Rabobank’s five-nation hog price index will bottom out in the next three months after a stronger-than-expected drop in pork prices in 2015.
The average international price is now at its lowest level since 2006, Rabobank say. Despite the weak price and bleak outlook for January to March, growing supply and modest demand development mean there are positives for the industry as it moves from Q1 into Q2.
Brazil to fare well
“Recent positive demand and price developments in importing countries will start to support prices in exporting countries during Q1”, said Albert Vernooij, analyst of animal protein at Rabobank.
Brazil is one of the countries predicted to fare well in Q1. The market will follow its healthy progress seen in the last quarter of 2015 as demand for pork - domestic and abroad - grows. Rabobank’s Global Pork Quarterly report does, however, state that this progress will not result in higher prices as Brazil faces home-grown economic challenges, coupled with low international pork prices.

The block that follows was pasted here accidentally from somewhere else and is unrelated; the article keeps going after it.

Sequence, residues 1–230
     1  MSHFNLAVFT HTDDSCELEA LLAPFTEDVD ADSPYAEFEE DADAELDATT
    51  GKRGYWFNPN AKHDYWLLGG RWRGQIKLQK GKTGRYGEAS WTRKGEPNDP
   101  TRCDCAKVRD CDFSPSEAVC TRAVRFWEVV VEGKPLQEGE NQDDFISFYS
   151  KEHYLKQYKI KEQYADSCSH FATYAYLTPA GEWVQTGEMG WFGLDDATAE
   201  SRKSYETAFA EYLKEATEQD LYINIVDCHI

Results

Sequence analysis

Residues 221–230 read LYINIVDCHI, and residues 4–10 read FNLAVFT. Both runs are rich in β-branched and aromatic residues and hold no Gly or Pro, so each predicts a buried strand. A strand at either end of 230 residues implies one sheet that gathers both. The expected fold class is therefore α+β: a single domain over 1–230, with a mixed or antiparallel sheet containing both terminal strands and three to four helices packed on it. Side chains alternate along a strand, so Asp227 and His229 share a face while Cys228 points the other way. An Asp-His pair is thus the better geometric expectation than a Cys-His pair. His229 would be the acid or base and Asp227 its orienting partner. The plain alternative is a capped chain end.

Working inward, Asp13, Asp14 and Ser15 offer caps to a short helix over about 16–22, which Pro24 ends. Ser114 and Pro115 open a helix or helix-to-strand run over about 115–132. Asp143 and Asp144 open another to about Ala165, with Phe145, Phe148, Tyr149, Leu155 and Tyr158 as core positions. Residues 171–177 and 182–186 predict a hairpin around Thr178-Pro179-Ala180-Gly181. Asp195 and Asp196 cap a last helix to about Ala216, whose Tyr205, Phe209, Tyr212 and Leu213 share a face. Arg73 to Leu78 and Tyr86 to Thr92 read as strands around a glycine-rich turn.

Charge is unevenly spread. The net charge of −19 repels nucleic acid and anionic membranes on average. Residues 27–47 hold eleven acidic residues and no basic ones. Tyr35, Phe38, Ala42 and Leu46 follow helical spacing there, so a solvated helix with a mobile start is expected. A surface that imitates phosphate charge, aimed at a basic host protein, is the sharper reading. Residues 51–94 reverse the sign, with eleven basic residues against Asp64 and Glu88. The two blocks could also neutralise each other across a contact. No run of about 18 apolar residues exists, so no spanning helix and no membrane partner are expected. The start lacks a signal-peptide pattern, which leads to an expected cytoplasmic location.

US to slow down
According to the report, the EU is struggling with low pig meat prices as Russia’s trade embargo has created a situation in which pork supply outstrips demand. To counter the growing surplus of European pork, Rabobank said the reimplementation of Private Storage Aid – which was suspended by the European Commission on January 21 – is “critical for further market support”.
On China, Rabobank said it will continue to import more pork in 2016. Strong domestic prices, additional destocking of the sow herd and stricter environmental regulations will render China as an importer buyer of international pork this year.
In the US, expansion in the pork sector is predicted to slow down after strong supply growth in 2015. Rabobank expects exports to pick up and this will be supported by low prices and repeals on the country-of-origin-labelling (COOL) rule.